[RFC V2 PATCH 0/1] kexec: crash_kexec_post_notifiers boot option related fixes

Eric W. Biederman ebiederm at xmission.com
Mon Aug 3 09:33:08 PDT 2015

Hidehiro Kawai <hidehiro.kawai.ez at hitachi.com> writes:

> Hello Eric and Vivek,
> Do you have any comments?

crash_kexec_post_notifiers is a debugging hack to allow people to test
if the kmsg_dump works better than kexec.  crash_kexec_post_notifiers is
not, nor has it ever been a solution for general operation (which is
what I perceive this work trying to push).

I will not support any work that expands crash_kexec_post_notifiers to
be more than it currently is, because people want ``panic hooks'' to
run before kexec.  That appropach was extensively tested before kexec on
panic was implemented in the kernel and every implementation failed.
The practical symptom was that everything would work ok in testing but
on failures in the real world there would be enough going on in the
dying kernel that no crash dump would be taken.  kexec on panic on the
other hand works a reasonable fraction of the time.

I deeply and fundamentally can not support a general purpose hook being
called before kexec.  In 15 years of practice I have never heard of a
case where using a general purpose hook does anything but make kexec on
panic undebuggable in practice.

A specific hook for a very specific purpose when there is no other way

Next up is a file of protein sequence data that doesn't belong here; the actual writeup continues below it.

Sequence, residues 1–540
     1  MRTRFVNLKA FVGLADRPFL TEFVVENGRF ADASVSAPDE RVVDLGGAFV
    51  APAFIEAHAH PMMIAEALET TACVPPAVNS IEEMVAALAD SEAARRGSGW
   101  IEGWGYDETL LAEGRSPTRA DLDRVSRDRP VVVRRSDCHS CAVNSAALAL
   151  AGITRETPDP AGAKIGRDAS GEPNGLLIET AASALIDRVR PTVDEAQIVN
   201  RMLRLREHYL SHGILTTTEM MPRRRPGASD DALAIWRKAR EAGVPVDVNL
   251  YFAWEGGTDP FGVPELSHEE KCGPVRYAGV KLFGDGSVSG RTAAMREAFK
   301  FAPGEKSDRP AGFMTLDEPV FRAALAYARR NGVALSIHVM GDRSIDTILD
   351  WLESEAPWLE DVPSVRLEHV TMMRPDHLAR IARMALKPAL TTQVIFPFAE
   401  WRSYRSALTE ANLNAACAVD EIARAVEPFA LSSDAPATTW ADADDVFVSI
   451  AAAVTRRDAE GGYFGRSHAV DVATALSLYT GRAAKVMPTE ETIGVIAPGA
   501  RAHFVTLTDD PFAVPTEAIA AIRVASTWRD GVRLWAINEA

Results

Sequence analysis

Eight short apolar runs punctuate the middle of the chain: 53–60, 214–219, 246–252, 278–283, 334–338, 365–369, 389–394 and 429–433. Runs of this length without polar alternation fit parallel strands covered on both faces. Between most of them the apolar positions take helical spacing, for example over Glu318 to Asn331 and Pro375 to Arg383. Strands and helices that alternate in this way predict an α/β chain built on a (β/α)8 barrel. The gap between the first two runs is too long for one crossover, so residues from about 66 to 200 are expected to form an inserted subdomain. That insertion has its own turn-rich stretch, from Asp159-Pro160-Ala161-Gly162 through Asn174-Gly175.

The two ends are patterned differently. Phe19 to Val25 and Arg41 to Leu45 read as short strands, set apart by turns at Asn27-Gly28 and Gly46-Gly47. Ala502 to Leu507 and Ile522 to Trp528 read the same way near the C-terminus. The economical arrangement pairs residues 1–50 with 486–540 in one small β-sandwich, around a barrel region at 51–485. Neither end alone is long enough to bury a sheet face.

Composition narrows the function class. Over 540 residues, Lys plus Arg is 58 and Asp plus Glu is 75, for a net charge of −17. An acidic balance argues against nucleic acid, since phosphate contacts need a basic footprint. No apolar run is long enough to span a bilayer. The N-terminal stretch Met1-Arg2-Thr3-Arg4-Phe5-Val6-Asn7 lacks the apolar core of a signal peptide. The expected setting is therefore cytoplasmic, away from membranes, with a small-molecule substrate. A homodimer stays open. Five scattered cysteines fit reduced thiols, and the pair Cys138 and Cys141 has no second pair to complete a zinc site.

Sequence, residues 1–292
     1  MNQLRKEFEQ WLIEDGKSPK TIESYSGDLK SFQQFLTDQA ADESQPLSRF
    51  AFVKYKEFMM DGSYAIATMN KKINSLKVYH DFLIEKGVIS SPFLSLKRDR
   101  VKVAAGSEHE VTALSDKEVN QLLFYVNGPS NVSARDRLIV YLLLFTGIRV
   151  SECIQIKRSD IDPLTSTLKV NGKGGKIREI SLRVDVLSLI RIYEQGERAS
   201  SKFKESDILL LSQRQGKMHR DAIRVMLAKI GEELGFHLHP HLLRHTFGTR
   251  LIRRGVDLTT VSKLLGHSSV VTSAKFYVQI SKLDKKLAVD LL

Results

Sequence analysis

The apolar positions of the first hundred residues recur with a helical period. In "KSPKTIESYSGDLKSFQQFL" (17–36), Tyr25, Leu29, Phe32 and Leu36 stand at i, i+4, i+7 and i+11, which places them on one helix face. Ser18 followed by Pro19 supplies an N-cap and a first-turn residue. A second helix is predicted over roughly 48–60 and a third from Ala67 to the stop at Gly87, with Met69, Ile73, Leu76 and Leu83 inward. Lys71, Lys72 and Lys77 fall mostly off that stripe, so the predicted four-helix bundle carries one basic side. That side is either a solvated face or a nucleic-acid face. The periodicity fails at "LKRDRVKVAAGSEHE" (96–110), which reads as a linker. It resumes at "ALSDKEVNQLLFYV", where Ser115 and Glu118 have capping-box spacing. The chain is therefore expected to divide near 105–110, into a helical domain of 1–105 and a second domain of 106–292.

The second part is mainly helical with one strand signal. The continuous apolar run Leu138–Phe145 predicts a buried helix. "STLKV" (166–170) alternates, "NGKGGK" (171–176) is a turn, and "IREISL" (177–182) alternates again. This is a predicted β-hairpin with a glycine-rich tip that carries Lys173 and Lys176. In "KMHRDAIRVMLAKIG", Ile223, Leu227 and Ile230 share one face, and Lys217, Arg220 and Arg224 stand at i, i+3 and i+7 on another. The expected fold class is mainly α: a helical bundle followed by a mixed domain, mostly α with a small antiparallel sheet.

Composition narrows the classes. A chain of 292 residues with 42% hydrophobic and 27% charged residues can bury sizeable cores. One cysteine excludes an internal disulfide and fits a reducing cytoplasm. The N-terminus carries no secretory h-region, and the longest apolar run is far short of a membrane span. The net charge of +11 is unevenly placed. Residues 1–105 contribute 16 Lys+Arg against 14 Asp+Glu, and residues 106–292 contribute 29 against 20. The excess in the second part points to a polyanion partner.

we can consider.

If you don't have something that generalises well into a general purpose
operation that it makes sense for everyone to call you can always use
the world's largest aka you can run code before the new kernel starts
that is loaded with kexec_load.

If you absolutely must run code in the dying code because you need lots
of the kernel infrastructure to work, and it is too hard to code a small
little bit of stand-alone assembly, I am sorry for you.  Experience shows
that will never work when the kernel fails in interesting ways.

So no.  I don't think there is any point to putting any more effort into
the crash_kexec_post_notifiers path because experience has shown over
the years that in practice it won't work for anyone, and if the code
doesn't work in practice there is no point in developing or implementing


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